Endothelin-1-induced mini-stroke in the dorsal hippocampus or lateral amygdala results in deficits in learning and memory.
Bottom Line: In novel object task, ET-1 in the hippocampus also eliminated object identity memory.ET-1 in the lateral amygdale affected acquisition of fear conditioning and disrupted retention of tone-conditioned fear, but did not impair retention of contextual fear.These findings suggest that ET-1-induced mini-infarct in deep brain area leads to functional deficits in learning and memory associated with these regions.
Affiliation: The Center of Metabolic Disease Research.
Functional and structural alterations in brain connectivity associated with brain ischemia have been extensively studied. However, the mechanism whereby local ischemia in deep brain region affect brain functions is still unknown. Here, we first established a mini-stroke model by infusion of endothelin-1 (ET-1) into the dorsal hippocampus or the lateral amygdala, and then investigated how these mini-infarcts affected brain functions associated with these regions. We found that rats with ET-1 infusion showed deficit in recall of contextual fear memory, but not in learning process and recall of tone fear memory. In novel object task, ET-1 in the hippocampus also eliminated object identity memory. ET-1 in the lateral amygdale affected acquisition of fear conditioning and disrupted retention of tone-conditioned fear, but did not impair retention of contextual fear. These findings suggest that ET-1-induced mini-infarct in deep brain area leads to functional deficits in learning and memory associated with these regions.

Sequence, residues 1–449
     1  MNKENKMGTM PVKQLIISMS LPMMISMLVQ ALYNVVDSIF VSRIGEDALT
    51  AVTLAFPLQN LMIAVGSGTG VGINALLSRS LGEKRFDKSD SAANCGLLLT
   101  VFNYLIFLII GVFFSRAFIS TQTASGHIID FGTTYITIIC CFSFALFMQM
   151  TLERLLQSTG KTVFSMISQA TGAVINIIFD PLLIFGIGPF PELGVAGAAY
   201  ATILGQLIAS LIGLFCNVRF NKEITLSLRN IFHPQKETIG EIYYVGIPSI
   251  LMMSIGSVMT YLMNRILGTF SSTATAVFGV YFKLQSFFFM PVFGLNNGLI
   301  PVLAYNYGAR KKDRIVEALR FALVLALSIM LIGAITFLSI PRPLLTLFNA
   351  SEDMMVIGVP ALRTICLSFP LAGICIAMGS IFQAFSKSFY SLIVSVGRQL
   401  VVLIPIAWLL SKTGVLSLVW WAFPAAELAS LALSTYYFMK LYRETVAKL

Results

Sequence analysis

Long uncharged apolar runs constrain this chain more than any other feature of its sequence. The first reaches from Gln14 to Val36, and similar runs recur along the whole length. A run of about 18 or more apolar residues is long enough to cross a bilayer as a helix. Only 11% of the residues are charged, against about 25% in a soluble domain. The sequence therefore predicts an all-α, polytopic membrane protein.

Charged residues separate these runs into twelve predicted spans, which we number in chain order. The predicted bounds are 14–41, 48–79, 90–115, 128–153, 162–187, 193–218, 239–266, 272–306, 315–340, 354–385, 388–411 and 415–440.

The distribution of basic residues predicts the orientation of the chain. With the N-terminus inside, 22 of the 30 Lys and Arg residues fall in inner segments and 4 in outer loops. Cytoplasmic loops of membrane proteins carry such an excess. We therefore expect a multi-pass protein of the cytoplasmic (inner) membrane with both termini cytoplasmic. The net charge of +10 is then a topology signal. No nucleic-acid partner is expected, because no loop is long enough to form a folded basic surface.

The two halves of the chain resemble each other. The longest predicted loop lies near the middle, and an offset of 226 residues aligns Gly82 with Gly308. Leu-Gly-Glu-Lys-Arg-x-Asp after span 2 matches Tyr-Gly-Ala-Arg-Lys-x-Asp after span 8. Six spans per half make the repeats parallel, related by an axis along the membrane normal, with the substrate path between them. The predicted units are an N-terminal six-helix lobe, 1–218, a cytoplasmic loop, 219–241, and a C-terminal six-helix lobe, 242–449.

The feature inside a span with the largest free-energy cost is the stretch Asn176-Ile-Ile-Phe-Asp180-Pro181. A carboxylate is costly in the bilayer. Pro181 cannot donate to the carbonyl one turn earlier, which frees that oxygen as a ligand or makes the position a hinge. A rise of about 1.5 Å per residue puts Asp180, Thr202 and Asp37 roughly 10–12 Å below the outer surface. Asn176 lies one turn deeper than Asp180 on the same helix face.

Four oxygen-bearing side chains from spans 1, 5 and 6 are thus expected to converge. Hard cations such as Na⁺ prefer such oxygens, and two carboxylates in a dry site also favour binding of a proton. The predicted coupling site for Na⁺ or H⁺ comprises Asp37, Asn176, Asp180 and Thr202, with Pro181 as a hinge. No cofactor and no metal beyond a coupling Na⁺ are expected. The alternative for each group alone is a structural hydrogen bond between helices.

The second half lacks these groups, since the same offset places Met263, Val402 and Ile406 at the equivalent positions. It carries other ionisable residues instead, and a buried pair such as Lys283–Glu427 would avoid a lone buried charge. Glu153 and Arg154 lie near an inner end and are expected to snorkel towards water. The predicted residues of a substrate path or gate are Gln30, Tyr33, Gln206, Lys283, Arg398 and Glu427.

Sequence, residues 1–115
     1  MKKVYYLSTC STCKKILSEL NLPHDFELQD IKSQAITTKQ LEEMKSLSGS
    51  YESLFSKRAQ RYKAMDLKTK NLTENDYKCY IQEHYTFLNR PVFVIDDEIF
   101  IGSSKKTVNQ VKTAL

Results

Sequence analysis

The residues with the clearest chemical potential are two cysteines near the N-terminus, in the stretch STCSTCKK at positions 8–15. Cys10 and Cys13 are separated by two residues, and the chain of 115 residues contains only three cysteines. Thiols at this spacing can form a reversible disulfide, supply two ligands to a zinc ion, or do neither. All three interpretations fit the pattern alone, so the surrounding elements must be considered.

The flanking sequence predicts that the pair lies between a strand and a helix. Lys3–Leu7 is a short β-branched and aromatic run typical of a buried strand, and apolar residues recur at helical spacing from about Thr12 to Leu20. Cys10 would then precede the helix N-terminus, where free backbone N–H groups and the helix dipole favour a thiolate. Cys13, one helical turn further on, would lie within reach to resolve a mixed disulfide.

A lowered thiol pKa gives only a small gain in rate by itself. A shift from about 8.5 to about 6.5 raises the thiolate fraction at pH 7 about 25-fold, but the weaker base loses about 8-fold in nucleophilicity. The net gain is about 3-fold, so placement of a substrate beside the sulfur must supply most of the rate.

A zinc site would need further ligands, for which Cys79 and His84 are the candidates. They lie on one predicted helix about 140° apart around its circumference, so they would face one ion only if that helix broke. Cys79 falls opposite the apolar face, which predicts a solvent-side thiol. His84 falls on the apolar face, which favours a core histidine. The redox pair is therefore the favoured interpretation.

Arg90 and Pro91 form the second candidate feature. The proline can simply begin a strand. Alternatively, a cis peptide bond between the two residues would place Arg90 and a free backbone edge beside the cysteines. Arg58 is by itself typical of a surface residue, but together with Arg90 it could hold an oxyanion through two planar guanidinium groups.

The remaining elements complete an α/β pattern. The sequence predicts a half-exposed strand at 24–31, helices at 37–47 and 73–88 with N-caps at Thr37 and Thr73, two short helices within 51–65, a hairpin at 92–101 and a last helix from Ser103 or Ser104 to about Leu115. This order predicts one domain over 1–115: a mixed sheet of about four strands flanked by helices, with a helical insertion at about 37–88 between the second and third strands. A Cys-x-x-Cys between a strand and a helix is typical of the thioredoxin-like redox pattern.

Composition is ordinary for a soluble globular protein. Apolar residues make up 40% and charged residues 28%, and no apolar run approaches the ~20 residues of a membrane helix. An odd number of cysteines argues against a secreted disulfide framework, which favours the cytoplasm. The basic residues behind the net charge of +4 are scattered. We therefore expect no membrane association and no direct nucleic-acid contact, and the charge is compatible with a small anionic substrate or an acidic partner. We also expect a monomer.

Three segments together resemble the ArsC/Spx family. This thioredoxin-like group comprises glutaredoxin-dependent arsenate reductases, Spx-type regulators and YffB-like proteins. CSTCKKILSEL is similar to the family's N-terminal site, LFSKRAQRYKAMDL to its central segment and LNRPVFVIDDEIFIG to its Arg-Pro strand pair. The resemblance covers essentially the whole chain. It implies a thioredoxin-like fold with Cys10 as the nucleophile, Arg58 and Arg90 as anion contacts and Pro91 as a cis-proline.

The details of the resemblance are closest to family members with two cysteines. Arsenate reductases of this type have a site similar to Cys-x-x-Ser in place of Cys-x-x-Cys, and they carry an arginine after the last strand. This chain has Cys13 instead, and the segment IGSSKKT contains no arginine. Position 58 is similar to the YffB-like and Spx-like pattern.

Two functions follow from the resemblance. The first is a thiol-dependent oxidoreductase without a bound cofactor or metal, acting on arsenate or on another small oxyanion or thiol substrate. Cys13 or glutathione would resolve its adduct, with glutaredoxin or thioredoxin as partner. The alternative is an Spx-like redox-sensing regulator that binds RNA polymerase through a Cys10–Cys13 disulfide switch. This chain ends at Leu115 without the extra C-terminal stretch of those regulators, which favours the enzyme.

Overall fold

No MeSH data available.
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Mentions: Then, we used the novel-object-recognition task (Fig. 3A) to assess recognition memory, which also requires the hippocampus[32-33], in ET-1-infused animals. During training session, 2 treatments had no significant difference in time that rats spent in exploring the 2 novel objects (as shown by hot map and exploratory preference; Fig. 3B and 3C), indicating that both groups of rats had the same motivation and curiosity to explore the objects. During the testing stage, one of the familiar objects used in the training was replaced by a novel object, and rats were allowed to explore for 5 minutes. At the 2-hour retention test, rats of the ET-1 infusion dorsal hippocampus-stroke groups showed dramatic reduction in time exploring the novel objects compared to the sham group, indicated by the color-coded map (Fig. 3D). In contrast, preference towards the familiar object was similar between the 2 groups (as shown by the discrimination ratio, Fig. 3E). This indicated that ET-1 in the dorsal hippocampus impaired capability of rats to identify and recognize novel objects.
No MeSH data available.